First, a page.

March 15, 2017
Happy Valentine's Day! We hope this finds you and yours well and enjoying a love-filled day.
It is no secret that we here at Pretty Things & Cool Stuff are HUGE fans of good chocolate. So, we always are looking for ways to enjoy and share it.
One of our favorite chefs/food writers is David Lebovitz ( we feature a few of his books in the shop - Drinking French, The Perfect Scoop, My Paris Kitchen), and he has an amazing recipe for a chocolate cake that he describes as "extremely rich, and tastes like the most delicious, silkiest, most supremely-chocolate ganache you've ever had." We totally agree!
What makes this recipe really amazing is the fact that it is next to impossible to mess it up. In fact, David even once called it the Chocolate Idiot Cake! It takes just four ingredients, no special techniques, just some whisking, and once it has cooled, it can be refrigerated for several days before serving.
A couple of important notes:
10 ounces (290 grams) bittersweet or semisweet good-quality chocolate, coarsely chopped
7 ounces (200 grams) butter — salted or unsalted — cut into pieces
5 large eggs at room temperature
1 cup (200 grams) sugar
Unsweetened cocoa powder for preparing the cake pan
1. Preheat the oven to 350ºF (175ºC).
2. Butter a 9-inch (23cm) springform pan and dust it with cocoa powder, tapping out any excess. Wrap the outside with aluminum foil, in several layers if necessary (see headnote), making sure it goes all the way up to the outer rim.
3. Melt the chocolate and butter in a double boiler (or microwave), stirring occasionally, until smooth. Remove from heat.
4. In a large bowl, whisk together the eggs and sugar, then whisk in the melted chocolate mixture until smooth.
5. Pour the batter into the prepared springform pan and cover the top of the cake pan snugly with a sheet of foil. Put the springform pan into a larger pan that can be put in the oven, like a roasting pan. Add enough hot water to the roasting-turned-baking pan so that it reaches halfway up to the outside of the cake pan.
7. Bake the cake for about 1 hour and 15 minutes. It should feel just set in the center, like quivering chocolate pudding. If you gently touch the center, your finger should come away almost clean.
8. Lift the cake pan from the water bath and remove the foil. Let cake cool completely on a cooling rack.
9. When it is cool, serve thin wedges of this very rich cake at room temperature, with crème anglaise, ice cream, whipped cream, chocolate sauce, Amarena cherries and their syrup, etc.
Storage: This cake can be wrapped and chilled in the refrigerator for 3-5 days.
Talk about having your cake and eating it, too!
What can be more Irish than Guiness beer and Bailey's Irish Cream? And just imagine combining them with chocolate in a deliciously dark cake for a double shot of Irish! The cake recipe comes from Clodaugh's Irish Kitchen: A Fresh Take on Traditional Flavors by popular Irish chef Clodaugh McKenna.
2 1/4 sticks plus 1 tablespoon unsalted butter
1 1/4 cup Guinness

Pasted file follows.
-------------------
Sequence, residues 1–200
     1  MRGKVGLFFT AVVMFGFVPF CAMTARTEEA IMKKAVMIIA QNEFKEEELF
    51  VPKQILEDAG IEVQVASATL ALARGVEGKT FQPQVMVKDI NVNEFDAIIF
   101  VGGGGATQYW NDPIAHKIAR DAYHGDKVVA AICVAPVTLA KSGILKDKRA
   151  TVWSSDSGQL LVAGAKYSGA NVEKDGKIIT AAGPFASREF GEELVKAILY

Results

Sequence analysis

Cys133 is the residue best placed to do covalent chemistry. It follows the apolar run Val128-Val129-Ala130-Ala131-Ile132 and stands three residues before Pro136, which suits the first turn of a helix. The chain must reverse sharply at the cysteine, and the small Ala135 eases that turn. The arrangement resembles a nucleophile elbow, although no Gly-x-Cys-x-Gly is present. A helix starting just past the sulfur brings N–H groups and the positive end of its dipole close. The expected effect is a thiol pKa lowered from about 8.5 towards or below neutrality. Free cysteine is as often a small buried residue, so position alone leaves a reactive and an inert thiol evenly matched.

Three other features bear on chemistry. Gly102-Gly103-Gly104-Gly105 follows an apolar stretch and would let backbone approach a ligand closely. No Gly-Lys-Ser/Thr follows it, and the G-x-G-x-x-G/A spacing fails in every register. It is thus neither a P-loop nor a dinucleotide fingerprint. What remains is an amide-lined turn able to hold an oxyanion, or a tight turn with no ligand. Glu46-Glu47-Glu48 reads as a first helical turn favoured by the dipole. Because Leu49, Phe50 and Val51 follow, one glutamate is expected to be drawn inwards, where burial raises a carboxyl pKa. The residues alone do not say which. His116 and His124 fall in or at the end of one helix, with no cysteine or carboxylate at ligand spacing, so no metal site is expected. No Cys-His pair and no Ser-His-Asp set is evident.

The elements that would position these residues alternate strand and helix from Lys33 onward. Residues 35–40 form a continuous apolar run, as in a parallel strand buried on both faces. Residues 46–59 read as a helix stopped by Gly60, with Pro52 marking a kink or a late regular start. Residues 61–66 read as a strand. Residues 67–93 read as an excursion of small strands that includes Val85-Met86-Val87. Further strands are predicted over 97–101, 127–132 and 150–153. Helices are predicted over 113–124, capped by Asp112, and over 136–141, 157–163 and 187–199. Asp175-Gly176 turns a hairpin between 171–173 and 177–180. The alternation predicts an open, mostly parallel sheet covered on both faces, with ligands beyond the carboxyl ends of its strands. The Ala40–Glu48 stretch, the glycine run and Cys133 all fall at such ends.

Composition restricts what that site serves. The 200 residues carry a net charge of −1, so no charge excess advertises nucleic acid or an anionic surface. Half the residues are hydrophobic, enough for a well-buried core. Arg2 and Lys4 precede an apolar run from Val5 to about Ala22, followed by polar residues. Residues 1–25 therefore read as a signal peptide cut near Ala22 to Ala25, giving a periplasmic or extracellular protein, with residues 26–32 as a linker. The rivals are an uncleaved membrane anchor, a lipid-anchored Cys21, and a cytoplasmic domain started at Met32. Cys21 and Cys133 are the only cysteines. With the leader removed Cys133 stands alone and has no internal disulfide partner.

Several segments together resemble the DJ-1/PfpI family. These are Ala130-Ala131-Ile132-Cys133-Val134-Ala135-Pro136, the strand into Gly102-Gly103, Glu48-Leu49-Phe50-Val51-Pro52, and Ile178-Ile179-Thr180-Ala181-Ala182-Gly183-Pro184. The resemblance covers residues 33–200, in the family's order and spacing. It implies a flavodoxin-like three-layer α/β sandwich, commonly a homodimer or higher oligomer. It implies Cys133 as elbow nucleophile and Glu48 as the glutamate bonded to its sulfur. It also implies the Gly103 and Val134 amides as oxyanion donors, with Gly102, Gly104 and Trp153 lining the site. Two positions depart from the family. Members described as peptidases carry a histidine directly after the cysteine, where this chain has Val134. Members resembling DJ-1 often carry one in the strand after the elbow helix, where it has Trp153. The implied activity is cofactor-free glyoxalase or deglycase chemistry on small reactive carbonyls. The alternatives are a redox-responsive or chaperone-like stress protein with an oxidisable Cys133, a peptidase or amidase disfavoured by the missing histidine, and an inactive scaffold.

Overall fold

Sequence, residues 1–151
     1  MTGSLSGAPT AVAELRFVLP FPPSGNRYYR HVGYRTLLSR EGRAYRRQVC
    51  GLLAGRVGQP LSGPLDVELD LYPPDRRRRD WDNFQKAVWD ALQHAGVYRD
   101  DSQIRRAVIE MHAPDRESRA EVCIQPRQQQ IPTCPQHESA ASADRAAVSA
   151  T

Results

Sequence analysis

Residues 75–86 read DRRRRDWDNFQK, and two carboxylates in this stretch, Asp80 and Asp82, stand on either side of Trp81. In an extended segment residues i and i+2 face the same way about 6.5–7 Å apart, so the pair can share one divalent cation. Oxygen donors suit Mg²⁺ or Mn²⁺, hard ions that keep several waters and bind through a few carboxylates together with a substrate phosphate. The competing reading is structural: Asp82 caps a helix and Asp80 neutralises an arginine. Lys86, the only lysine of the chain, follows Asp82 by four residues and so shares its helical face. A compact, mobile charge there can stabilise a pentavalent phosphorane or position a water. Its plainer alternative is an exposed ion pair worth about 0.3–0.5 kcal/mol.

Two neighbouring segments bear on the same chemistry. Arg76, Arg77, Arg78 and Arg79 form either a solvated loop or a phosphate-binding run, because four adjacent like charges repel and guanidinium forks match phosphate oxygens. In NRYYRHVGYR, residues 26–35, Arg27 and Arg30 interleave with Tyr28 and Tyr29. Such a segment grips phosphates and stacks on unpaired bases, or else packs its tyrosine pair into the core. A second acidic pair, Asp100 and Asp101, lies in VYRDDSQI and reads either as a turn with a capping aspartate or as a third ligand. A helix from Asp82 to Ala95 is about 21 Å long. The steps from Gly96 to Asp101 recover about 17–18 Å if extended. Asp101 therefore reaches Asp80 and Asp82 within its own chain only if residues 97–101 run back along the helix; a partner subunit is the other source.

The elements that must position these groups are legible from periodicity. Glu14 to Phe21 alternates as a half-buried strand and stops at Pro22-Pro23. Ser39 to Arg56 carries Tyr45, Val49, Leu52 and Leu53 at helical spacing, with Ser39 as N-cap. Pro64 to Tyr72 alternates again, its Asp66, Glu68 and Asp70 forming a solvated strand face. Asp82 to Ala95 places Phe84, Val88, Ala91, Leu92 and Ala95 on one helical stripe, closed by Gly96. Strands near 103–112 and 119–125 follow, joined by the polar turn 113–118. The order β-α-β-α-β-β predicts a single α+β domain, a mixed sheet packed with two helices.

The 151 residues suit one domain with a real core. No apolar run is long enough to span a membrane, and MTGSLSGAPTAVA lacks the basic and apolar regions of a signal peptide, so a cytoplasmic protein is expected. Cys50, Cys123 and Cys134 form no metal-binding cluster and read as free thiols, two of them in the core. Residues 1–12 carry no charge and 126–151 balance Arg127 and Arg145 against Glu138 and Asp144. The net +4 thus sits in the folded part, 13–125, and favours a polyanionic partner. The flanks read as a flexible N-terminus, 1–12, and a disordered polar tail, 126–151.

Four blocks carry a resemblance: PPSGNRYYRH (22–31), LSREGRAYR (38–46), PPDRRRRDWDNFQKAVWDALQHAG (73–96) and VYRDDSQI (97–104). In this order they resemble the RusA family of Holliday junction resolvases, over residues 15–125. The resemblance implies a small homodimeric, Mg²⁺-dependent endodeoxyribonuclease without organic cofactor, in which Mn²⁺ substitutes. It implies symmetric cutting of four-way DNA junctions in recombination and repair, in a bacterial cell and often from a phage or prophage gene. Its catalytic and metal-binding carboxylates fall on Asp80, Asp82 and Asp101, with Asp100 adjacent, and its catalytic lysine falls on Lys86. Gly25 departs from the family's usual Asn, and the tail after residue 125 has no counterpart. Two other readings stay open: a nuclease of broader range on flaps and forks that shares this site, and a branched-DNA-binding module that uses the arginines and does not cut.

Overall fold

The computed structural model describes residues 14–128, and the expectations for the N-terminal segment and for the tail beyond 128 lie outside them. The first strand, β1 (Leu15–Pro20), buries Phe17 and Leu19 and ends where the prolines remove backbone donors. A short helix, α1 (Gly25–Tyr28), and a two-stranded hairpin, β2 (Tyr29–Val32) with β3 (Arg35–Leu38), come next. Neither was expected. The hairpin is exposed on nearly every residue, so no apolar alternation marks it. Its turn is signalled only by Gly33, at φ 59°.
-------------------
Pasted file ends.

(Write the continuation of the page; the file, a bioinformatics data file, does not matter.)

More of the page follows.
1 cup unsweetened, Dutch-process cocoa powder
2 large eggs
2 cups plus 2 tablespoons superfine sugar
2 tablespoons vanilla extract
3/4 cup buttermilk
2 1/2 cups all-purpose flour
2 teaspoons baking soda
1 teaspoon baking power
8 tablespoons (4 ounces) unsalted Irish butter
2 1/2 cups sifted confectioner's sugar
1 teaspoon vanilla extract
1 1/4 cups cream cheese (not low fat)
4 tablespoons Bailey's Irish Cream
Preheat oven to 325°F. Line the bottom of a 12-inch, round springform pan with parchment paper.
Heat the butter in a a large saucepan over medium heat until melted. Stir in Guinness, then remove from the heat and the stir in cocoa powder.
In a large mixing bowl, beat the eggs, sugar, vanilla extract and buttermilk and then slowly mix in the Guinness mixture.
Sift together the flour, baking soda and baking powder into a separate large bowl. Using a handheld electric mixer, slowly mix the wet mixture into the dry ingredients and keep beating until all is well combined.
Transfer the batter to the prepared cake pan and bake in the oven for 45 minutes. Test to make sure the cake is ready by inserting a toothpick into the center of the cake — if it comes out clean, the cake is finished baking. Let the cake cool in the pan, then transfer from the pan onto a wire rack.
While the cake is cooling, make the frosting: Using a handheld electric mixer, blend all of the ingredients together until light and fluffy.
Place the cooled cake on a plate and generously spread the frosting on top.
The cake will keep up to a week in an airtight container.
A rose is a rose is a rose. And what a wonderful cocktail it makes! Especially when combined with the French wine-based aperitif, Lillet Rosé, which is made from Grand Cru Bordeaux grapes and combined with fruit liquers.
This recipe is from the very talented mixology pioneers at New York's highly rated cocktail sanctuary, Death & Co., and it comes from their classic, beautiful, recipe-laden, encyclopedic, must-have book on Everything Cocktails.
4 heaping teaspoons of dried rosebuds (Mountain Rose Herbs is a great source for organic ones!)
1 750-ml bottle of Lillet Rose
In a container, combine the dried rosebuds and the bottle of Lillet Rosé. Stir well. Let stand at room temperature for 1 hour and 30 minutes, stirring occasionally. Strain through a fine-mesh sieve into a glass of choice.
Yes, of course, you can get our own copy of the entire "The Violet Bakery Cookbook" by Claire Ptak,with all of its delish - morning to night - recipes here at Pretty Things & Cool Stuff!
Photo: Kristin Peters
One (10 by 4-inch) loaf cake, which cuts into 8 slices
All our lemons at Violet come from the Amalfi coast of Italy. They are large and sweet and have a very thick and pithy peel.